*u*and

*F*belonging to appropriate spaces [37].

*X*. Taking in (1 the operators \(\mathcal B = \mathbb D\) and thus \(\mathcal B^* = \delta \), we can consider the stochastic operator DAE of the form

*v*and

*y*.

The results concerning the generalized Malliavin calculus and the equations involving these operators can be found in [28, 29, 31, 32]. The chaos expansion method combined with the regularization techniques presented in the previous sections can be applied also in this case. Here we present the direct chaos expansion approach and prove the convergence of the obtained solution.

- 1.The
*Malliavin derivative*, namely \(\mathbb D\), as a stochastic gradient in the direction of white noise, is a linear and continuous mapping \(\mathbb {D}:{{\mathrm{Dom}}}(\mathbb D) \subseteq X\otimes (S)_{-1} \rightarrow X\otimes S'(\mathbb R) \otimes (S)_{-1}\) given byfor \(u=\sum _{\alpha \in \mathcal I}u_\alpha \otimes H_\alpha \), \(u_\alpha \in X\), \(\alpha \in \mathcal I\). We say that a process$$\begin{aligned} \mathbb {D} u=\sum _{\alpha \in \mathcal {I}}\sum _{k\in \mathbb {N}}\, \alpha _k \, u_\alpha \, \otimes \, \xi _k\, \otimes {H}_{\alpha -\varepsilon _k}, \end{aligned}$$(55)*u*is differentiable in Malliavin sence, i.e., it belongs to the domain \({{\mathrm{Dom}}}(\mathbb D)\) if and only if for some \(p\in \mathbb N_0\) it holds thatThe operator \(\mathbb D\) reduces the order of the Wiener chaos space and it holds that the kernel \({{\mathrm{Ker}}}(\mathbb D)\) consists of constant random variables, i.e., random variables having the chaos expansion in the Wiener chaos space of order zero. In terms of quantum theory, this operator corresponds to the annihilation operator.$$\begin{aligned} \sum _{\alpha \in \mathcal I} \, |\alpha |^2 \, \Vert u_\alpha \Vert ^2_X \, (2\mathbb N)^{-p\alpha } < \infty . \end{aligned}$$ - 2.The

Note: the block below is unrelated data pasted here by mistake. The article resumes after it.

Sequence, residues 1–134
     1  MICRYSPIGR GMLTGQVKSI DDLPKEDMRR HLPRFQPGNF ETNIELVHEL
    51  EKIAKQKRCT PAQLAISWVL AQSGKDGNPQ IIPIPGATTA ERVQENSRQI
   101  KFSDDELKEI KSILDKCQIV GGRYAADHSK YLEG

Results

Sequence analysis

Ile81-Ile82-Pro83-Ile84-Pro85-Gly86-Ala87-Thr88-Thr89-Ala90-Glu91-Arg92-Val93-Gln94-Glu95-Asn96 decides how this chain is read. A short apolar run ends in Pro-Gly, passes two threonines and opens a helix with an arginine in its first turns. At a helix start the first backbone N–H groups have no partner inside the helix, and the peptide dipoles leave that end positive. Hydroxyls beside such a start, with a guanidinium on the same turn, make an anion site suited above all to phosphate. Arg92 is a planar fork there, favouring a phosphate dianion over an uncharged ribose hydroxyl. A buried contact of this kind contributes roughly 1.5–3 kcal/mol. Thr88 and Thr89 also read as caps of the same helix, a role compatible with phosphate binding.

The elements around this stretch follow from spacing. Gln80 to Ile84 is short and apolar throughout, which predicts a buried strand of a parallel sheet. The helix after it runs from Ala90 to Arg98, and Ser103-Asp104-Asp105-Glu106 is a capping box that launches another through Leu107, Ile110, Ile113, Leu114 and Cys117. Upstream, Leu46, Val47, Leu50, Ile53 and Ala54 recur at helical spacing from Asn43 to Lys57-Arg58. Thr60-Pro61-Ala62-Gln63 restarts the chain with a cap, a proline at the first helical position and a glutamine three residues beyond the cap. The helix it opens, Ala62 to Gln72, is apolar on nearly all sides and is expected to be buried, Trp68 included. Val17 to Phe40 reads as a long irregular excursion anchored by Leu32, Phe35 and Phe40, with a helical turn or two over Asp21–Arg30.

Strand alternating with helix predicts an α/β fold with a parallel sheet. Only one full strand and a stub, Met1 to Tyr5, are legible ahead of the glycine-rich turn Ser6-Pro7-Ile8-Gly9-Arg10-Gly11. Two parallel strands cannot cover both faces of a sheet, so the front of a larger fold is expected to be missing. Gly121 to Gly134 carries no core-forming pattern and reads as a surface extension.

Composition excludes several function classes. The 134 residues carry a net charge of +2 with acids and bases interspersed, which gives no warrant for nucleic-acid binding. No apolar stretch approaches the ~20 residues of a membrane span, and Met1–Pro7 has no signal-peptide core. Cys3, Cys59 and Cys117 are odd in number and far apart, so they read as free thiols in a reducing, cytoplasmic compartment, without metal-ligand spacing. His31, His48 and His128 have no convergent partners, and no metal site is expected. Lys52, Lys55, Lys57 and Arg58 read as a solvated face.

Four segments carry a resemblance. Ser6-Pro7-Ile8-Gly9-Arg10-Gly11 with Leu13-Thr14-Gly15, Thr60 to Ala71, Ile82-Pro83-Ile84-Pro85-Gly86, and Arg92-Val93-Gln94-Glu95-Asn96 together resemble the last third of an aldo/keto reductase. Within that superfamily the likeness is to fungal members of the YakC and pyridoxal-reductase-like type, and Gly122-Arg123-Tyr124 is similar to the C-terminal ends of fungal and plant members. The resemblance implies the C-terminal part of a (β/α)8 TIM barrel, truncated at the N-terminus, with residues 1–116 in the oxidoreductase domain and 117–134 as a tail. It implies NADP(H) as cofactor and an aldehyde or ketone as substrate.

*Itô-Skorokhod integral*, namely \(\delta \), is a linear and continuous mapping \(\delta :X\otimes S'(\mathbb R) \otimes (S)_{-1}\rightarrow X\otimes (S)_{-1}\) given byNote that the domain \({{\mathrm{Dom}}}(\delta ) = X\otimes S'(\mathbb R) \otimes (S)_{-1}\). The operator \(\delta \) is the adjoint operator of the Malliavin derivative. It increases the order of the Wiener chaos space and in terms of quantum theory \(\delta \) corresponds to the creation operator.$$\begin{aligned} \delta (F )=\sum _{\alpha \in \mathcal {I}}\sum _{k\in \mathbb {N}} f_{\alpha }\otimes v_{\alpha ,k} \otimes H_{\alpha +\varepsilon _k}, \,\,\text{ for } F=\sum _{\alpha \in \mathcal I} f_\alpha \otimes \left( \sum _{k\in \mathbb {N}}v_{\alpha , k}\, \xi _k\right) \otimes H_\alpha . \end{aligned}$$ - 3.The
*Ornstein-Uhlenbeck operator*, namely \(\mathcal R\), as the composition \(\delta \circ \mathbb D\), is the stochastic analogue of the Laplacian. It is a linear and continuous mapping \(\mathcal R:X\otimes (S)_{-1}\rightarrow X\otimes (S)_{-1}\) given byClearly, \(\mathcal R\) is a coordinatewise operator and its domain \({{\mathrm{Dom}}}(\mathcal R)\) coincides with the domain \({{\mathrm{Dom}}}(\mathbb D)\). In terms of quantum theory, the operator \(\mathcal R\) corresponds to the number operator. It is a self-adjoint operator with eigenvectors equal to the basis elements \(H_\alpha \), \(\alpha \in \mathcal I\), i.e., \(\mathcal R(H_\alpha )=|\alpha |H_\alpha \), \(\alpha \in \mathcal I\). Therefore, Gaussian processes from the Wiener chaos space of order one with zero expectation are the only fixed points for the Ornstein-Uhlenbeck operator [28, 31].$$\begin{aligned} \mathcal R(u) = \sum _{\alpha \in \mathcal I}|\alpha |u_\alpha \otimes H_\alpha \quad \text{ for } u=\sum _{\alpha \in \mathcal I}u_\alpha \otimes H_\alpha . \end{aligned}$$